Cancer Survivors Bond Together

By Carolyn Kimmel

The old adage about not understanding someone until you walk a mile in their shoes is particularly true for three Penn State Health St. Joseph Medical Center oncology team members who have battled cancer and use their experience to better serve their patients.

Although they have been caring for oncology patients for years, the team members say it’s only when you hear the words “You have cancer” that you even begin to know what it’s truly like.

“My world turned upside down,” said Maria Jimenez, patient navigator, oncology, who was diagnosed with invasive breast cancer in 2017 and underwent chemotherapy, surgery and radiation. “At first, I screamed, but then I said, ‘Enough. The Lord is in charge, and the angels and my friends and my family are beside me.’”

Shared emotions

All the fears and questions she had upon diagnosis make her realize how important it is to take time to explain to patients in detail what is ahead, wait for their reaction and offer reassurance from personal experience, not just a sheet of expected side effects.

“When they hear what they have to go through, they fear the future,” Jimenez said. “I tell them I did it, and they can, too. They see me well, and they leave with hope – and a smile.”

Fear is a formidable foe and can cause patients to stray from their chemotherapy regime, stop taking their medicine or refuse skilled care, said Nancy Fonseca, social worker and oncology care manager, who was diagnosed with breast cancer in 2013. Although it was found at a very early stage, she opted for a double mastectomy, based on family history of cancer.

“We have to educate in a very sensitive way,” she said. “We have to be very specific about their regimen but also be very personal so we can connect with the patient and gain their trust. Sharing my story helps build trust because they know I’m not just saying words, I have lived it.”

Reciprocal inspiration

Jaime Natale, a registered nurse in infusion services who recently had her sixth surgery after being diagnosed with breast cancer in 2021, said her patients inspire her as much as she may inspire them.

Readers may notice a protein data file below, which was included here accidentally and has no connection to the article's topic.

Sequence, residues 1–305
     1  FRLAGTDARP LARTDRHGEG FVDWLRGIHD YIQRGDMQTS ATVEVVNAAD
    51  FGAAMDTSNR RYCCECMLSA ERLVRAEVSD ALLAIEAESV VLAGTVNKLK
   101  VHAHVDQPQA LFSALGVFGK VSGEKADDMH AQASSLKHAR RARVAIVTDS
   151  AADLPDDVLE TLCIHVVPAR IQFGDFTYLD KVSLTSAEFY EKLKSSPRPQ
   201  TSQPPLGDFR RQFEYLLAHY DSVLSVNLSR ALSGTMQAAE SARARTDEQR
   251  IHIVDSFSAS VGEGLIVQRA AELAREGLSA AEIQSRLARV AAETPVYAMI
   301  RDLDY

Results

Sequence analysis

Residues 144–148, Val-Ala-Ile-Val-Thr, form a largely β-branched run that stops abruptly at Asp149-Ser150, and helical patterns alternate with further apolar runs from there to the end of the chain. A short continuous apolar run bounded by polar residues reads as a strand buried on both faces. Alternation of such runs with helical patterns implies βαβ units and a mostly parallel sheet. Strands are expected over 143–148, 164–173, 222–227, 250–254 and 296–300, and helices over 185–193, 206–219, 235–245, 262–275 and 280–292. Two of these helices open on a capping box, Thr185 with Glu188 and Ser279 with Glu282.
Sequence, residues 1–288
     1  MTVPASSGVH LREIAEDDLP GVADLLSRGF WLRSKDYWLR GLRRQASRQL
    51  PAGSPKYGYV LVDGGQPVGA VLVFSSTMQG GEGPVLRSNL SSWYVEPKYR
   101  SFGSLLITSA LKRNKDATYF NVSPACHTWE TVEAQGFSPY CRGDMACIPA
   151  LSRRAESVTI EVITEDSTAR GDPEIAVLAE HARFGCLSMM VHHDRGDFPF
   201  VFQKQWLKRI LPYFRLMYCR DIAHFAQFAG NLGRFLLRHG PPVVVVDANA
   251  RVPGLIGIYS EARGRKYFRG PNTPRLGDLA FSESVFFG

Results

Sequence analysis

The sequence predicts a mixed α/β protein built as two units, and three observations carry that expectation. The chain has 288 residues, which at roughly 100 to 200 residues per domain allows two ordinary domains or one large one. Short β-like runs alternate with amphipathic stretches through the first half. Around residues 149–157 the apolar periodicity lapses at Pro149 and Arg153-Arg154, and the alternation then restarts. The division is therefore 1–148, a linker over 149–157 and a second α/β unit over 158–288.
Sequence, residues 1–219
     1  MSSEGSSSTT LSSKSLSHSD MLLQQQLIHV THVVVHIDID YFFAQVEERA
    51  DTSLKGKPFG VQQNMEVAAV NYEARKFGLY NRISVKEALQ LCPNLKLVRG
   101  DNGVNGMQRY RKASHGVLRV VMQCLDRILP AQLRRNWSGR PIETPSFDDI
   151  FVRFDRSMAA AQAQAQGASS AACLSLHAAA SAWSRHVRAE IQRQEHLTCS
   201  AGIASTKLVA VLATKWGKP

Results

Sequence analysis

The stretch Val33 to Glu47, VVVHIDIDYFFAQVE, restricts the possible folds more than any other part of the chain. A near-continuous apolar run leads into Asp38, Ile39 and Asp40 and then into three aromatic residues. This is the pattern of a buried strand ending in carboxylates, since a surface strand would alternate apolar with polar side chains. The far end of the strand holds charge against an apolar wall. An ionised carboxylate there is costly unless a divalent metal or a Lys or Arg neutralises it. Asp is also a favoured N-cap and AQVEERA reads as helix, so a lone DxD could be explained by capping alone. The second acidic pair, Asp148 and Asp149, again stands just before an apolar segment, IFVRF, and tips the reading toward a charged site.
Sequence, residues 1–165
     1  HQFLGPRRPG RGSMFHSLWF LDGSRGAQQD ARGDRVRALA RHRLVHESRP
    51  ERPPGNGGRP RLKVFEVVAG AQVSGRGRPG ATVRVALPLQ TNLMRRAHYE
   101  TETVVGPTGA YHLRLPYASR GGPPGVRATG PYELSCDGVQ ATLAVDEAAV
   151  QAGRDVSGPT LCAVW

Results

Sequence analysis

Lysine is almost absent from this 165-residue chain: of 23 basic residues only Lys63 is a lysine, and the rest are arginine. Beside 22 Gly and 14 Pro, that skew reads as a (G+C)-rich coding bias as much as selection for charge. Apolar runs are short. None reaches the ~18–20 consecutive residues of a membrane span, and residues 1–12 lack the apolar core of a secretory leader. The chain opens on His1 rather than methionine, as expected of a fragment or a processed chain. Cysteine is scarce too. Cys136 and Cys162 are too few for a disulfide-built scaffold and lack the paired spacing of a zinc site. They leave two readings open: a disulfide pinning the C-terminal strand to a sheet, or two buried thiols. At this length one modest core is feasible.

“They’re sitting there having chemo and asking about me,” she said. “Their positivity and how they fight keeps me going. Cancer patients are going to get their medicine no matter what, but the emotional support is what can make the difference.”

The support they received as both patients and employees of the St. Joseph Medical Center family makes it a remarkable place to work, they said. “Everyone gets along and we support each other, which translates into better care for our patients because they become like family too,” Jimenez said.

The oncology team members say they are now acutely aware that patients need much more than just excellent doctors monitoring their disease – they need strong support for their mind, their spirit and practical concerns, too.

“I say, ‘Let’s talk about all the things you may come across – financial challenges, the stamina to run after your kids, the ability to think clearly due to chemo brain,” Fonseca said. “If they don’t have a support system, we become theirs. We point them toward resources, and sometimes we pitch in our own money to help.”

Whole-person care

Care for the mind and spirit may not come with such tangible resources but needs just as much attention, the team says.

“A cancer diagnosis makes you very vulnerable in what it does to you psychologically and emotionally. Anger and all kinds of emotions come out,” Fonseca said. “Just as you need the doctor who will care for the biology, you need someone who will care for the spiritual side of you.” Always sensitive to a patient’s leading, the team asks whether they would like to see a chaplain or a pastor.

Working with a largely Latino population, Fonseca said many patients think they got cancer because they did something bad, and God is punishing them, so they don’t deserve help. Working through cultural practices can be a challenge, but she can lead by example, she said.

“We must be willing to be proactive about our own health and continue using the resources we have – like genetic testing, bone marrow testing and new and promising treatment,” she said. “There will always be a shadow hanging over you once you’ve had cancer, but you must not walk away in fear.”

The thought of a cancer recurrence never fades entirely, the nurses say.
“Once a week, I have a thought of it returning,” said Jimenez, who is more than five years cancer-free. “But I stop myself and instead I celebrate every day. As soon as I open my eyes, I thank the Lord for another day. And I hug as much as I can and enjoy every moment.”

“We have the privilege to be survivors, and we work in a field where you see great blessings, and you have the tools to help others,” Fonseca said. “At the end of the day, we feel better about ourselves and about what we can offer our patients.”